The Rubyist's Guide to Environment Variables

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7 min read
fairly easy
If you want to be able to effectively manage web apps in development and in production, you have to understand environment variables. This post will show you how environment variables really work - and perhaps more importantly, how they DON'T work. We'll also explore some of the most common ways ...
If you want to be able to effectively manage web apps in development and in production, you have to understand environment variables.

This wasn't always the case. Just a few years ago, hardly anyone was configuring their Rails apps with environment variables. But then Heroku happened.

Heroku introduced developers to the 12-factor app approach. In their 12-factor app manifesto they lay out a lot of their best practices for creating apps that are easy to deploy. The section on environment variables has been particularly influential.

The twelve-factor app stores config in environment variables (often shortened to env vars or env). Env vars are easy to change between deploys without changing any code; unlike config files, there is little chance of them being checked into the code repo accidentally; and unlike custom config files, or other config mechanisms such as Java System Properties, they are a language- and OS-agnostic standard.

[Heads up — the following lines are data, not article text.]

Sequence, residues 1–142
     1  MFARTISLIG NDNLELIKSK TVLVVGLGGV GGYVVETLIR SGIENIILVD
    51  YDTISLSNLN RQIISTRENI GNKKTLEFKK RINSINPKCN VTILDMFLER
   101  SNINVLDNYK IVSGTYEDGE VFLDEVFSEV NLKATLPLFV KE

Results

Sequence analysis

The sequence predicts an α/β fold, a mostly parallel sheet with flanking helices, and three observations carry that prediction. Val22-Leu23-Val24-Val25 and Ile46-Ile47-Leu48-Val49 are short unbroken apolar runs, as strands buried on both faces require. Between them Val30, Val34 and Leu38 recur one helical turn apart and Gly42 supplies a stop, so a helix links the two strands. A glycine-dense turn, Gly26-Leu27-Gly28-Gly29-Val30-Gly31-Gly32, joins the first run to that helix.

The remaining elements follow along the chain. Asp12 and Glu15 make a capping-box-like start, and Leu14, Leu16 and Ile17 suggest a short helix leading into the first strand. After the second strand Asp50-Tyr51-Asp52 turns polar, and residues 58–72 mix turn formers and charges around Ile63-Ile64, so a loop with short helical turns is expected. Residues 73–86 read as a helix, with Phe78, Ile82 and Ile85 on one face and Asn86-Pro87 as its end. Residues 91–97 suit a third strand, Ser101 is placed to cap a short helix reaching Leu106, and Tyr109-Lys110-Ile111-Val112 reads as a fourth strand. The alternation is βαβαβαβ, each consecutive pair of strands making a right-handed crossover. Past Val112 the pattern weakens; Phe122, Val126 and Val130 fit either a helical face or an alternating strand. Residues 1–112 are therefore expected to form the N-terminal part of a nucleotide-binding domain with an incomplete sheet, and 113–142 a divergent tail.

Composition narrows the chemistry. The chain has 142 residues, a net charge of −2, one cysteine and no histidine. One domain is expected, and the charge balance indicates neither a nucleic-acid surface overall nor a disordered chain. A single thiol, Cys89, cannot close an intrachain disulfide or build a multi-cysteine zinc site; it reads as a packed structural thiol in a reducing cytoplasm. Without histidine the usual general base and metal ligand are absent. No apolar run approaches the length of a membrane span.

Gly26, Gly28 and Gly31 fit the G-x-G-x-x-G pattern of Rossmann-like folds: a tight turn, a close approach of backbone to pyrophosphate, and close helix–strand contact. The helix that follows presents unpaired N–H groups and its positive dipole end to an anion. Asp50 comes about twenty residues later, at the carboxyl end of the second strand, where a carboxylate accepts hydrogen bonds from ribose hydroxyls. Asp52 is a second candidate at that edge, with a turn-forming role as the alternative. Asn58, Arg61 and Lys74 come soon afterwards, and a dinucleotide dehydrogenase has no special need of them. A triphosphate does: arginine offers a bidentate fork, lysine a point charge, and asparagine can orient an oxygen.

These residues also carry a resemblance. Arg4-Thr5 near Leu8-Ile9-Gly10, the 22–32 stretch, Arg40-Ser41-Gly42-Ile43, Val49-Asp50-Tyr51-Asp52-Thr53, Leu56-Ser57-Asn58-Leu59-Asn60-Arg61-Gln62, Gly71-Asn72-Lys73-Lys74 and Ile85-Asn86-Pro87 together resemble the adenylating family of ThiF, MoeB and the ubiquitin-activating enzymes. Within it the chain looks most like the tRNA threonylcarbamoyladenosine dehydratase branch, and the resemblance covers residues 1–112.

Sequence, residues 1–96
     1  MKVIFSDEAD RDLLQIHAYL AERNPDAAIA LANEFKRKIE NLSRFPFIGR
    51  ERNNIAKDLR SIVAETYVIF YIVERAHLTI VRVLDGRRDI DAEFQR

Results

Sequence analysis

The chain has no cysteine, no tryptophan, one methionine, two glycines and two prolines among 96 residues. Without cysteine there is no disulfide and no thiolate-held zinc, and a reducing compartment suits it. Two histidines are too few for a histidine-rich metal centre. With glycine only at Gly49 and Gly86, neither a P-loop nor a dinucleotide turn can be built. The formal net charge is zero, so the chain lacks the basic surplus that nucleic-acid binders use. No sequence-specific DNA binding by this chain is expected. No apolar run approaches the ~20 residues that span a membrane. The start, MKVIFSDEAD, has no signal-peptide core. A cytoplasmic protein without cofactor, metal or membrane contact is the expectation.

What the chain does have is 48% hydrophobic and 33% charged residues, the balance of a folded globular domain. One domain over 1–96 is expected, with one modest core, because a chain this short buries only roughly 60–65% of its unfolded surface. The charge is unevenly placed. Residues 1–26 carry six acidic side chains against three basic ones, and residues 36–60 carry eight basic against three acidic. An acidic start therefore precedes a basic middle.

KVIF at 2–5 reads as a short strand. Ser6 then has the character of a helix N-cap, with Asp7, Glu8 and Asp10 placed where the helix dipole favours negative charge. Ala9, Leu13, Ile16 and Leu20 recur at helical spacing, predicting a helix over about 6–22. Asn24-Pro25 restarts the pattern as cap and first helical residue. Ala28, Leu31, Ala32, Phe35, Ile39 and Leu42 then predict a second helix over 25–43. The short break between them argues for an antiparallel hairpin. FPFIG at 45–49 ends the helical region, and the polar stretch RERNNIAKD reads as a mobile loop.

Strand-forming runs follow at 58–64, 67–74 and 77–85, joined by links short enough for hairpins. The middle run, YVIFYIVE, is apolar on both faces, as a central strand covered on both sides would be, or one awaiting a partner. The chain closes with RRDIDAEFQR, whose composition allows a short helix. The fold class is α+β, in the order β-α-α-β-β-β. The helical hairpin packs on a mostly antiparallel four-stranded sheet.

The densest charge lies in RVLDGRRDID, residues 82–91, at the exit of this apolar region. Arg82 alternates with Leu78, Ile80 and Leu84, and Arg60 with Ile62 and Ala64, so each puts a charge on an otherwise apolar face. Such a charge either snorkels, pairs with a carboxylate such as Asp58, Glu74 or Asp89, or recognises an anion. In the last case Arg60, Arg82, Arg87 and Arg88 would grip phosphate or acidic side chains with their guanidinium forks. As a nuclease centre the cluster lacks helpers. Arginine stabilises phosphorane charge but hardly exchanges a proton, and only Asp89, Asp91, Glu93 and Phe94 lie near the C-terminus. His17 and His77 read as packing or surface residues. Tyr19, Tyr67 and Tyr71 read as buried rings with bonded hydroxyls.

More Rubyists are using environment variables than ever. But often it's in a cargo-culty way. We're using these things without really understanding how they work.

This post will show you how environment variables really work - and perhaps more importantly, how they DON'T work. We'll also explore some of the most common ways to manage environment variables in your Rails apps. Let's get started!

NOTE: You can read about securing environment variables here.

Every process has its own set of environment variables

Every program you run on your server has at least one process. That process gets its own set of environment variables. Once it has them, nothing outside of that process can change them.

An understandable mistake that beginners make is to think that environment variables are somehow server-wide. Services like Heroku sure make it seem like setting the environment variables is the equivalent of editing a config file on disk. But environment variables are nothing like config files.

Every program you run on your server gets its…
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